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He had an extensive knowledge of natural history and knew the names of hundreds of plants and their uses.In addition, he was extremely well-schooled in the Koasati stories that he had listened to all his life. Abbey had a great interest in preserving traditional crafts and was skilled in making blowguns, darts, bows, arrows, whistles, Spanish moss spinners, and other items.As a young girl, Marie Adams learned songs by listening to her one-hundred-four-year-old great-grandmother, grandparents, and parents.She says, that back then "people took such songs for granted and singing ballads was not seen as anything special, but was just part of everyday life." She recalls living in the country as a child, when almost every Saturday night there was a singing party at someone's house.He preserved many baskets made by his mother, a master of traditional basket weaving. Abbey grew up speaking Koasati, a language related to Creek, Alibamu, and Seminole. Later in life, he learned to speak Alibamu, Choctaw, Mobilian, and Cajun French.His amazing linguistics and teaching skills were what attracted ethnologists and linguists to his personal. He sang in the choir and worked with the pastor on projects to benefit the community.In 1991, his hard work contributed to the publication of the Koasati Grammar.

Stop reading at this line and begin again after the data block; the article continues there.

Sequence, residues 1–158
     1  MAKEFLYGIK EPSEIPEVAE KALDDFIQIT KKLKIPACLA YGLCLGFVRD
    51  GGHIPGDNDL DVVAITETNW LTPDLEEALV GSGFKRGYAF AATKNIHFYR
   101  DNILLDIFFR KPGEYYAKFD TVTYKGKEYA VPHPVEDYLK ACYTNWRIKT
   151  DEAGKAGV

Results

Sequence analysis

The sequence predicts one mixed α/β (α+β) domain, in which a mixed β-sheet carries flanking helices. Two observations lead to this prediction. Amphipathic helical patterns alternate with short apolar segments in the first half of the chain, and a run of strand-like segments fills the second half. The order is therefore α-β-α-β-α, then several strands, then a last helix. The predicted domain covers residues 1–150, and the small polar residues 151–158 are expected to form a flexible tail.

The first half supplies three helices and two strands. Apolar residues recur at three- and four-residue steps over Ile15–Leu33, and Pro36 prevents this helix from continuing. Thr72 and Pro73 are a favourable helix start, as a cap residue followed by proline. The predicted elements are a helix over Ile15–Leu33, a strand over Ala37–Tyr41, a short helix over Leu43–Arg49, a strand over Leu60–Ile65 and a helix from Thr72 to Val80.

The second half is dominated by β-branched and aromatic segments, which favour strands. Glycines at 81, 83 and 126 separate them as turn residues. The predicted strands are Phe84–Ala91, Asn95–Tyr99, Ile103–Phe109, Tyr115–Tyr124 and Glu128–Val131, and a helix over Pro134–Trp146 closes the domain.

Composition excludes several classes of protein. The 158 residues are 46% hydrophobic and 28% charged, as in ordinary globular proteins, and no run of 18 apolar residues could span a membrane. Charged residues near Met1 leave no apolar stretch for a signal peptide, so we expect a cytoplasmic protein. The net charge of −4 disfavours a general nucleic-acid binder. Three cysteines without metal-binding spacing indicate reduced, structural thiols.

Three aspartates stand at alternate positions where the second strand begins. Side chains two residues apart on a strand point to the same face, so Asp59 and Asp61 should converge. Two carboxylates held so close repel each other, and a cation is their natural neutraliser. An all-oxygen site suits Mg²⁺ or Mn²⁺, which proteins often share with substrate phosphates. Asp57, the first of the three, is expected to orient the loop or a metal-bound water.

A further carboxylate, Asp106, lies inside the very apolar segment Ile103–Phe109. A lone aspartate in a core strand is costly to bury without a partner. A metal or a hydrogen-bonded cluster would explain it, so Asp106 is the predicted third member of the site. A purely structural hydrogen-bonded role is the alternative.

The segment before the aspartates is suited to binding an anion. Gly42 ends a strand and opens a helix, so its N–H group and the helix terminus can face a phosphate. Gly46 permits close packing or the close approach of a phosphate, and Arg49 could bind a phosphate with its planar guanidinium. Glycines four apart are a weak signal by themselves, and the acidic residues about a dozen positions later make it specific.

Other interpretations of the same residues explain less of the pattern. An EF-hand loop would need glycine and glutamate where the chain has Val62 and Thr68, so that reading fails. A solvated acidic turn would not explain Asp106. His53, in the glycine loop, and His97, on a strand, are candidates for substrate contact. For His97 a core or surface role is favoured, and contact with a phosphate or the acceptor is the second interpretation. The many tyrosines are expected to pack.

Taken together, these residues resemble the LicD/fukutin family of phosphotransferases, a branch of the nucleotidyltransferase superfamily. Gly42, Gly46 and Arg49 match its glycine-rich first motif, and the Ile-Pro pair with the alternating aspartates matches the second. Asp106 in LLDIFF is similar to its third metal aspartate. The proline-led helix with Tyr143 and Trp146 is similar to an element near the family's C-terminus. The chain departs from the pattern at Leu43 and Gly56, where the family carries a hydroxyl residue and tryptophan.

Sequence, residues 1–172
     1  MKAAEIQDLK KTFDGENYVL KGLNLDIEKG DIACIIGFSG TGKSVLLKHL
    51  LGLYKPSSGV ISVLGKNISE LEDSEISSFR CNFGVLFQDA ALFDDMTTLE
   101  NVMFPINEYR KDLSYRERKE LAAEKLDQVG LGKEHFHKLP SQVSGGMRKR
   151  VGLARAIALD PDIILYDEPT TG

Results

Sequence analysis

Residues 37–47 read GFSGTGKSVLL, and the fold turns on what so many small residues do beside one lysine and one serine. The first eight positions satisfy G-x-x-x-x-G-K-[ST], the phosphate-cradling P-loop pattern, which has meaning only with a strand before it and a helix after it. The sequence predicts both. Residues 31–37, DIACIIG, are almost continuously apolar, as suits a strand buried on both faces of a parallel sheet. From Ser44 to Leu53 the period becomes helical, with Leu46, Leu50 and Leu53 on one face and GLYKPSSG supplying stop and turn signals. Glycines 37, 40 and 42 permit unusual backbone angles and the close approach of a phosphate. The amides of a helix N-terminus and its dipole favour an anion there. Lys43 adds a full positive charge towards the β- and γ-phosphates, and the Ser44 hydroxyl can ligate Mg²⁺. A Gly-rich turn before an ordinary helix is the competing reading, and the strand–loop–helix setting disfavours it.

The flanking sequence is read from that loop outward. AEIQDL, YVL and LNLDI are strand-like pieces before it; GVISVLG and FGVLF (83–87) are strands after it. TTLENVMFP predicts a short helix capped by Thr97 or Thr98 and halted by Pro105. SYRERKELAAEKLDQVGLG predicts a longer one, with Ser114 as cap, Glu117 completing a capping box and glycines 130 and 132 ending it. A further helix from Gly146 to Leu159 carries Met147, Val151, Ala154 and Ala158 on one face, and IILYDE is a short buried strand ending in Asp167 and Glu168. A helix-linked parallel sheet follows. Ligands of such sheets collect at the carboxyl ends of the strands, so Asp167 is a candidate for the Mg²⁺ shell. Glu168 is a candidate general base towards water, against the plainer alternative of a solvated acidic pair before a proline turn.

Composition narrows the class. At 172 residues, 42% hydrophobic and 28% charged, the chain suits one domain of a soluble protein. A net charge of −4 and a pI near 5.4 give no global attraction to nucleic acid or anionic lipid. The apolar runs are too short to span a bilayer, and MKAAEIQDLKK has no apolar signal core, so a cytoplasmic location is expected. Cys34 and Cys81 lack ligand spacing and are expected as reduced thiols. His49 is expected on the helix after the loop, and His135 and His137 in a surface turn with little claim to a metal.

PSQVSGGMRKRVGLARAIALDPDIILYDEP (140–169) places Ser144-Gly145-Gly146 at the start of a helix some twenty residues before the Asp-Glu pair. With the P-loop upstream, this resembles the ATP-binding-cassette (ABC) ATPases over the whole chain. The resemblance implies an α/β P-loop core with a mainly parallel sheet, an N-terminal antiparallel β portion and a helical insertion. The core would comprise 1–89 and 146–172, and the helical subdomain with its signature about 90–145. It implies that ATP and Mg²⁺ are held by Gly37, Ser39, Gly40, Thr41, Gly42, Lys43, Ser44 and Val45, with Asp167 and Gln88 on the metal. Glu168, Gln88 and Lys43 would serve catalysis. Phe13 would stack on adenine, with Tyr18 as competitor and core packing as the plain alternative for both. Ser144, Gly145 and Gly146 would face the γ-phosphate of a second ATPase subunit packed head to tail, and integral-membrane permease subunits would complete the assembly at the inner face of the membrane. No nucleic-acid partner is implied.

Her great-grandmother, Marie Demais Trahan, came to South Louisiana from Nova Scotia at the age of 12 or 13.Bel Abbey was born April 10, 1916, in a Koasati settlement five miles north of Elton, Louisiana. Abbey was in the last generation to be raised in the traditional Koasati social and economic system.He was taught in the traditional manner by his grandmother, mother, and his maternal uncles. Abbey had only three years of formal education and learned to read and write during World War II. Bel Abbey was a skilled hunter and had an astute knowledge of animal behavior.Bel Abbey would soon become an invaluable resource for anthropologists and historians and as an interpreter for his mother, who only spoke Koasati. His later life was spent working to preserve and share the language, skills, and traditions of Koasati culture.He helped translate the Bible into Koasati and recorded the Koasati language and traditional stories.
Lanterns were hung in the trees and people sat on the porch eating and drinking homemade wine and beer and singing songs of love stories and telling humorous tales.